Zoom in, zoom out, repeat
It’s a fun to say, but the meaning of it isn’t immediately clear, so let’s first look at those two phrasal verbs, “zoom in,” and “zoom out.” They’re opposites, of course, used to describe the action of making a picture bigger or smaller in order to look at small details or see the complete picture all at one time.
In the context of your TOEFL independent essay, that means looking writing about specific details, then writing about the big, general ideas.
This has a couple of helpful effects:
Transitioning between body paragraphs
After the introduction of your essay (even if you haven’t written it yet!), there will be at least two body paragraphs, which explain the reasons for your opinion. And in those body paragraphs, you will give specific details or examples of those the reasons. Sometimes, students understand this structure, but they forget to make connections between the two body paragraphs with the reasons. If you don’t connect them, then your essay will look like a list, which isn’t good. It should be a unified piece of writing.
If you make a more general statement at the end of each body paragraph, you can more easily transition into another reason and its examples, because that general thought will probably be easier to relate to your next paragraph.
Connecting back to the main idea
The ideas in your introduction—the main point of your essay—will be pretty general. They will express your overall opinion. And every time you zoom out to look at the bigger picture in your body paragraphs, your general statements there will also be about your general opinion. In those closing sentence of each paragraph, you can analyze your examples to make clear why they support your ideas. That analysis makes clearer for your reader how each body paragraph relates back to the introduction and your personal opinion.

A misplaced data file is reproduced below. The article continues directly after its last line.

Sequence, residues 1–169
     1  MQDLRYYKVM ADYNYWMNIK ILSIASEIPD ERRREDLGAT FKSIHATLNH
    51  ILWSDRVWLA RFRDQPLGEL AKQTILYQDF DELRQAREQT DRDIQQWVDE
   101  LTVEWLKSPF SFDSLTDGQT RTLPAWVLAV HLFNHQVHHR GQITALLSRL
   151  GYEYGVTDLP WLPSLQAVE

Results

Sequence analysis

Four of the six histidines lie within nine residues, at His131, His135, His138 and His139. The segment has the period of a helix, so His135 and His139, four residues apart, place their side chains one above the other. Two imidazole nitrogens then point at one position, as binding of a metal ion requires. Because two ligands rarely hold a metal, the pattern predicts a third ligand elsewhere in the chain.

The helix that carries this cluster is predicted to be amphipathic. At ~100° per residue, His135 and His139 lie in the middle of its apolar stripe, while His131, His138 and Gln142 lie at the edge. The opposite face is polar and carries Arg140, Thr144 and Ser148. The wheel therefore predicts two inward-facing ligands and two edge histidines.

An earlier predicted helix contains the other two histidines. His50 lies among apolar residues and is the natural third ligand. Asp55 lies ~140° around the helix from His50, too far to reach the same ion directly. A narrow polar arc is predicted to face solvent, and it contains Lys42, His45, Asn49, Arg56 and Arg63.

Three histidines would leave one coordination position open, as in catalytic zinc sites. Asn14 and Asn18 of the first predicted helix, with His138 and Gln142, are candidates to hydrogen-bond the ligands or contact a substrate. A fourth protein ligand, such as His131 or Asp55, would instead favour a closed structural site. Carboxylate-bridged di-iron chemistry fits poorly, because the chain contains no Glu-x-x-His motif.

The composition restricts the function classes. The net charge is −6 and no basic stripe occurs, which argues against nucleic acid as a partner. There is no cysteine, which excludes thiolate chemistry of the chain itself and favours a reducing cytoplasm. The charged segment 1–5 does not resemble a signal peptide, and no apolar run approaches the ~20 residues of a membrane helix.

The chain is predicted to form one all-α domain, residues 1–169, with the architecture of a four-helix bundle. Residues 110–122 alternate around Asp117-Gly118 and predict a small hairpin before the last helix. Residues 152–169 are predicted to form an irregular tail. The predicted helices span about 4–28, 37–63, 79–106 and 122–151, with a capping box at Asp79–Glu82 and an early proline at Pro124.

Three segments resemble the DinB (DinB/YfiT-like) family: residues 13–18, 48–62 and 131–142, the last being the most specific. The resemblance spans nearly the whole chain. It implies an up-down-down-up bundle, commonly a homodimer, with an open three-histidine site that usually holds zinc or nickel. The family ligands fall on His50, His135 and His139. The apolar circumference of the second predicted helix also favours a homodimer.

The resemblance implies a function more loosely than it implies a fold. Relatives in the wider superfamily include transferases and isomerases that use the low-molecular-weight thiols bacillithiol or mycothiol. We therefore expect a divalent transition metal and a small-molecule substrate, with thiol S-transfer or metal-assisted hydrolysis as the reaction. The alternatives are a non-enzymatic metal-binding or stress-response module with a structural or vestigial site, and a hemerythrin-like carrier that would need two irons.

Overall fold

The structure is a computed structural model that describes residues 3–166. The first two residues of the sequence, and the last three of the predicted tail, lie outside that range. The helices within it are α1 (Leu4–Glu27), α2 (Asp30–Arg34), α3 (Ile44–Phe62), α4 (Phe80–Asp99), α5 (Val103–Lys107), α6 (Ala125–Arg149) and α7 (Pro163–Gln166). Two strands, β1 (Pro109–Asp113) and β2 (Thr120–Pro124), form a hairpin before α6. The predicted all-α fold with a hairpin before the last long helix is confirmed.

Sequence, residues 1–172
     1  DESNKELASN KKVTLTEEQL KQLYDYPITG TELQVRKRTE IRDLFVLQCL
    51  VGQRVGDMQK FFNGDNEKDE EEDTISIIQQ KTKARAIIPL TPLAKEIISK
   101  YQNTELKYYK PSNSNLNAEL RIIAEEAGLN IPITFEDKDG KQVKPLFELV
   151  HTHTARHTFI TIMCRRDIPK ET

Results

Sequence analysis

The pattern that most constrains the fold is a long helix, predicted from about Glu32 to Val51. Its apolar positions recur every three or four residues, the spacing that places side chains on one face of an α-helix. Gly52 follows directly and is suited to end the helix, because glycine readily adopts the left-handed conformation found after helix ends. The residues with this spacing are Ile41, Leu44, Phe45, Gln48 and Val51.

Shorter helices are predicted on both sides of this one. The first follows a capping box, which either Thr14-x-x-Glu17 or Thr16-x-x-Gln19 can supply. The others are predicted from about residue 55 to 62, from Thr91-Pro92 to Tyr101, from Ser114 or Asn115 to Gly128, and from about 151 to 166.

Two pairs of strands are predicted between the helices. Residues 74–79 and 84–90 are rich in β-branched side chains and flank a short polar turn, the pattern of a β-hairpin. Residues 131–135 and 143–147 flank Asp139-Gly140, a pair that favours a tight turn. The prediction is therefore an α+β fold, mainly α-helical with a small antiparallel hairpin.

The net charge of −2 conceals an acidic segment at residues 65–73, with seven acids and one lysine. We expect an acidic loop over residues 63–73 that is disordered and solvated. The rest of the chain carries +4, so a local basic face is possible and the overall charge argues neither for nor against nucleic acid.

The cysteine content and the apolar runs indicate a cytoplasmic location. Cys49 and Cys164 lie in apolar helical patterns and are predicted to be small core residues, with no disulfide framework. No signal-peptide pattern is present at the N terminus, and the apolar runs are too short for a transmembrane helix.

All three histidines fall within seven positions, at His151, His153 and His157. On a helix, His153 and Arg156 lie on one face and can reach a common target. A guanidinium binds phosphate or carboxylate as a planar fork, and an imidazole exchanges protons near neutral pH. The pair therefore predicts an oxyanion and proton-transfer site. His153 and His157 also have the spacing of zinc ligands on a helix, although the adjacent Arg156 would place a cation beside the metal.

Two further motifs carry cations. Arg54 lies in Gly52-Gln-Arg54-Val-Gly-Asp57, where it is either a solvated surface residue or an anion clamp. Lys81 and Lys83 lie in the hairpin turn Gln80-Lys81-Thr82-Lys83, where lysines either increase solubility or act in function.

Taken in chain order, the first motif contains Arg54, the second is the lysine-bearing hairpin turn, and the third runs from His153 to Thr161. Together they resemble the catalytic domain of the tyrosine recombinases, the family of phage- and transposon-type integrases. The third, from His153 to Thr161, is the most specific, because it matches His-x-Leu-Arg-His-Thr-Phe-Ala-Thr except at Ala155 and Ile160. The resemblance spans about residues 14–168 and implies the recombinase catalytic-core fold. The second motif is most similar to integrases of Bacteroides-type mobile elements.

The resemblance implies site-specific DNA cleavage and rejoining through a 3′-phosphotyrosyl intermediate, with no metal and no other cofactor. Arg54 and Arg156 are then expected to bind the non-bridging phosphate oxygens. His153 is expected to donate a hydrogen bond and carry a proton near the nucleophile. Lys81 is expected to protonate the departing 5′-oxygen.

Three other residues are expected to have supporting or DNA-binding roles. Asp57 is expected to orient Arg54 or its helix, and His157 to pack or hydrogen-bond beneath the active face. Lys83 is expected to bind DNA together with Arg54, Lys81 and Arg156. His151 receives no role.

A simple example
Let’s say I’m writing an essay in response to this question:
Do you agree or disagree with the following statement. “Teachers need personal interactions with students.” Use reasons and examples to support your answer.
In my first body paragraph, I might discuss what we do at Magoosh, like this:
… Even though we at Magoosh create a self-study tool and not live classroom lessons, we still interact individually with our students. We do that because Magoosh students have questions. Every student will have questions, and one-on-one help is the best way to answer a student’s question.
Every student also wants some personal connection, and the best way to get that is through a personal response from a teacher. …
Just to be clear, above is the end of the first body paragraph and the beginning of the second body paragraph. And you can see that I talk about the specific example of Magoosh in the first body paragraph, but then I transition to talk about ALL students. From there, I can more easily transition to my next point about something else that all students want: personal connection. I can then in the next paragraph provide an example of that—in other words, I can zoom back in.